LAHOMA, Okla. — The former mayor of Lahoma has been charged with a felony count of conspiracy against the state alleging she and a co-conspirator defrauded the town of her utility payments.
Theresa Anne Sharp was charged Monday, Sept. 16, 2019, in Garfield County District Court and faces up to 10 years imprisonment and/or a fine of up to $25,000. Online court records show a warrant for her arrest was issued Monday, with bond set at $2,500.
According to an affidavit filed in the case by Oklahoma State Bureau of Investigation Agent Lynda Stevens, a request was made Sept. 6, 2018, by District Attorney Mike Fields to investigate allegations of embezzlement of public funds from the town of Lahoma.
It was alleged the former mayor, Sharp, directed an outstanding balance on her water, sewer and trash account be removed, and Sharp never paid the balance, according to the affidavit. It was also alleged the embezzlement occurred on two occasions over a period of three years totaling $1,759.75.
Stevens found between February 2016 and August 2018 Sharp had an open and active utility account with the town of Lahoma, according to the affidavit. On and before the start of February 2016 through mid-October 2017, Sharp was mayor of Lahoma.
At the start of February 2016, Sharp's utility account had a past due balance of $438. By the end of December 2016, Sharp's account accrued a balance of $1,113.50, according to the affidavit. From February 2016 to the end of December 2016, Sharp made no payments to the balance of her account.
The town of Lahoma's utility department computer program showed on Jan. 2, 2017, two entries of "credit" were made to Sharp's account, according to the affidavit. The first entry was for $153.75 and was detailed as a credit for a water leak. The second entry was for $959.75 and was detailed as an "overcharge." Both credits totaled $1,113.50, the amount Sharp was past due at the end of December 2016.
The town of Lahoma's utility department computer program showed from Jan. 3, 2017, to Oct. 1, 2017, Sharp's account accrued a balance of $699.75, according to the affidavit. From Jan. 3, 2017, to the end of September 2017, Sharp made no payments toward her account.
On Oct. 1, 2017, the town of Lahoma's utility department computer program showed a credit was posted to Sharp's account for $800 and was detailed as a "payment," according to the affidavit. When it posted, the payment brought Sharp's account to a credit of $100.25.
Stevens obtained deposit slip records for Lahoma's utility department ban account, used to deposit customer utility payments, according to the affidavit. The slips for October 2017 showed no cash or check payments in the amount of $800. Other than the town of Lahoma's utility department computer program, no record of receipt for payment could be found to reveal the form of payment, such as cash or check, or which employee of the town of Lahoma processed Sharp's payment.
Stevens interviewed Sharp Sept. 11, 2018, at her residence in Lahoma, according to the affidavit. Sharp said it was often her utility account went unpaid and for long periods at a time.
Sharp said the $153.75 credit posted on Jan. 2, 2017, was a credit she received due to a water leak at her house that went undetected for two months, specifically November and December of 2016, according to the affidavit. Sharp was unable to explain the "overcharge" posted on Jan. 2, 2017, and why it was in the amount of $959.75.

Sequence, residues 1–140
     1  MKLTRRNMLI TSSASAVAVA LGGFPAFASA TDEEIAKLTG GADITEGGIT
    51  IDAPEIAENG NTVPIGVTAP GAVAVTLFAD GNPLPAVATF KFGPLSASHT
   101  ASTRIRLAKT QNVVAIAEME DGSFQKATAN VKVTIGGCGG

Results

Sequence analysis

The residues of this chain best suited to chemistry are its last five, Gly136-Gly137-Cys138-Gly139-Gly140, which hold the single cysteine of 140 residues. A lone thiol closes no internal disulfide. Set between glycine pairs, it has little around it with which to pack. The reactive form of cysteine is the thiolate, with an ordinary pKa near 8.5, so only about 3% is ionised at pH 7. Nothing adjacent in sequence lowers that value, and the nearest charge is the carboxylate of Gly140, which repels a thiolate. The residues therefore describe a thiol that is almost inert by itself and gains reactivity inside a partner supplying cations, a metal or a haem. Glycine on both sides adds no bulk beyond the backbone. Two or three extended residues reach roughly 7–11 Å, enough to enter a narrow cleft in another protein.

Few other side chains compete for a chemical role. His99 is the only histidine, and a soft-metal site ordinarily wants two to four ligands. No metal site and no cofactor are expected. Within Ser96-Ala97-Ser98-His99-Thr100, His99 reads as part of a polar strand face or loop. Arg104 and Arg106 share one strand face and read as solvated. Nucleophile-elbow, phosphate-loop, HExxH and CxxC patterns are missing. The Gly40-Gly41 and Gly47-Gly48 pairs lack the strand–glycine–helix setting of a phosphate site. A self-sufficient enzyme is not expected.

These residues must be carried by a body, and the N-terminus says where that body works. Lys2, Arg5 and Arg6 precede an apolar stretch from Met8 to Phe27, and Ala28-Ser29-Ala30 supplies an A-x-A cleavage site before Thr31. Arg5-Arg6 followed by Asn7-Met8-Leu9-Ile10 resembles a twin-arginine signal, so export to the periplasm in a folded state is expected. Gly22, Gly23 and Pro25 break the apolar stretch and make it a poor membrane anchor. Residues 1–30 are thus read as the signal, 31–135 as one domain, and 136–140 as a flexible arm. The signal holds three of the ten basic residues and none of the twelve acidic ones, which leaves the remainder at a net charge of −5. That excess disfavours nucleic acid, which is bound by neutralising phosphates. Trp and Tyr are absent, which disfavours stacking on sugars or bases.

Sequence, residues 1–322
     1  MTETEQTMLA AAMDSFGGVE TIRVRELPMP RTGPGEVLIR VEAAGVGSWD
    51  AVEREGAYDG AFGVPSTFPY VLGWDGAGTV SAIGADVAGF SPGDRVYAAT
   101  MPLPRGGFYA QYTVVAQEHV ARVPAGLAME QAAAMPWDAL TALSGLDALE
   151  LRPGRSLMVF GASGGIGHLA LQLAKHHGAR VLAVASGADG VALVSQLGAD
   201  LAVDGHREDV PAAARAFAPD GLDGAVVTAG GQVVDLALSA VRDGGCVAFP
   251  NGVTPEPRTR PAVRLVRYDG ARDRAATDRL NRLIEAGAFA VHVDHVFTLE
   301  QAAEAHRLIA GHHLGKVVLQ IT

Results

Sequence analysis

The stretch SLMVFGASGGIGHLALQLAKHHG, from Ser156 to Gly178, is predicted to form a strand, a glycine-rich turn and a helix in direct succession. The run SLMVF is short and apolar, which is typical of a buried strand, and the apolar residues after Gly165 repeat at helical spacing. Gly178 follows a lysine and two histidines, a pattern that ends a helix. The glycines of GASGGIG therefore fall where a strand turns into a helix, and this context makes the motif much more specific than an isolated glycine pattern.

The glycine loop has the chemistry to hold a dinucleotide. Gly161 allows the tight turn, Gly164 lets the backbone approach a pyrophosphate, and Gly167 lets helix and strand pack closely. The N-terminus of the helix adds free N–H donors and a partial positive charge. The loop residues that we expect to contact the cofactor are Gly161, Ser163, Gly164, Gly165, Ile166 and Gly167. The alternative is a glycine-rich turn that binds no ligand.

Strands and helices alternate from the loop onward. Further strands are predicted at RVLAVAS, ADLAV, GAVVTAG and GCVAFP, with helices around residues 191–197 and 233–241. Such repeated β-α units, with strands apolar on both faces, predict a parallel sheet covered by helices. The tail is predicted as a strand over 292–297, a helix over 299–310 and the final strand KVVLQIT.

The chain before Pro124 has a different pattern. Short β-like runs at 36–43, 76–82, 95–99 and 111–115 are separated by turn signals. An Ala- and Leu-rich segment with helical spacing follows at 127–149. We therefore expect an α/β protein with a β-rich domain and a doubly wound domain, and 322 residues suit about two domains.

The utility services charged each month beginning in February 2016 through the end of December 2016 totaled $959.75, according to the affidavit.
Sharp said she was aware of the $800 credit to her account on Oct. 1, 2017, detailed as a payment, according to the affidavit. Sharp said a former Lahoma utility secretary, Shannon Edmonds, altered her account to make it appear she made an $800 payment to her utility account.
Sharp told Stevens she could not recall whether she approached Edmonds or Edmonds approached her to see if there was something that could be done to make Sharp's account not look so bad, according to the affidavit. Sharp also could not remember if it was her or Edmonds' idea to change the account and do away with Sharp's delinquent account balance.
"Sharp was unsure exactly how delinquent her utility account was just prior to Edmonds altering Sharp's account balance, but she thought it was several hundred dollars past due," Stevens wrote in the affidavit. "Sharp agreed the changes Edmonds made to her utility account benefited Sharp and not Edmonds."
Sharp said she believed she owed the town of Lahoma money for past utility services she received that went unpaid, but Sharp said she did not feel she owed the entire amount of $1,759.75, according to the affidavit. Sharp said she believed she made some cash payments to Edmonds "here and there" to be applied to her balance.
Sharp said she never received any receipts to prove she made the payments and claimed Edmonds put her off every time she asked for a receipt, according to the affidavit. Sharp denied ever personally logging into the town of Lahoma utility department's computer program for the purpose of making changes of any kind to her delinquent balance.
Around the October 2017 time frame, a new town board for Lahoma was about to commence, according to the affidavit. One witness reported Sharp expressed concerns about the new board finding out about her past due utility account, specifically about how delinquent she was on her account.
In 2015, Sharp's husband was named as one of three men participating in a Ku Klux Klan Halloween incident when a photo circulated on Facebook with KKK robes, a cross and a bonfire drew national attention.
The identities of three men participating in a Ku Klux Klan Halloween incident with the husband of Lahoma’s mayor have been released.